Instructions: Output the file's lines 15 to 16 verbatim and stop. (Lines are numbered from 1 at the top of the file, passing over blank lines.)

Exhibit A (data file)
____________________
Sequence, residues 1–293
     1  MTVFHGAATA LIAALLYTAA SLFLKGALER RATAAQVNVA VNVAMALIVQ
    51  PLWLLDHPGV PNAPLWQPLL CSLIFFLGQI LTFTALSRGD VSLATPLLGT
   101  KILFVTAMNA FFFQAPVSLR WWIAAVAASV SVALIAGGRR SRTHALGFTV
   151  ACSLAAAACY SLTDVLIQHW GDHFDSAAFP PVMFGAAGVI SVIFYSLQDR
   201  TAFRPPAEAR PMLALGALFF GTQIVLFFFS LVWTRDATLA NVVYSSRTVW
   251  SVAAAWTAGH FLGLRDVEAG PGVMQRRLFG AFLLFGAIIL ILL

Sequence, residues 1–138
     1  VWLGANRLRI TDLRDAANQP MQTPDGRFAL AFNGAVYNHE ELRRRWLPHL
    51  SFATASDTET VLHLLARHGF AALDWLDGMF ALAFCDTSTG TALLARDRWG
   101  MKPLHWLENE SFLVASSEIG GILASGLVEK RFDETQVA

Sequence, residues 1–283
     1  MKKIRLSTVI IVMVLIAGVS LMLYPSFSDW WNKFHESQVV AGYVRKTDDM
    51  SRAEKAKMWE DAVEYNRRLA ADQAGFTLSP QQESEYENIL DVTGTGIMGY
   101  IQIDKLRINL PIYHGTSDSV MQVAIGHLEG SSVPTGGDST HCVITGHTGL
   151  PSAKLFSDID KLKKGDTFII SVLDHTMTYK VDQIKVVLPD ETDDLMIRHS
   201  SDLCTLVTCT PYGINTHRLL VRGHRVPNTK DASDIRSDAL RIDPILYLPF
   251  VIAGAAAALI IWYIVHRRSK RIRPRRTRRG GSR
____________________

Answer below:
   101  IQIDKLRINL PIYHGTSDSV MQVAIGHLEG SSVPTGGDST HCVITGHTGL
   151  PSAKLFSDID KLKKGDTFII SVLDHTMTYK VDQIKVVLPD ETDDLMIRHS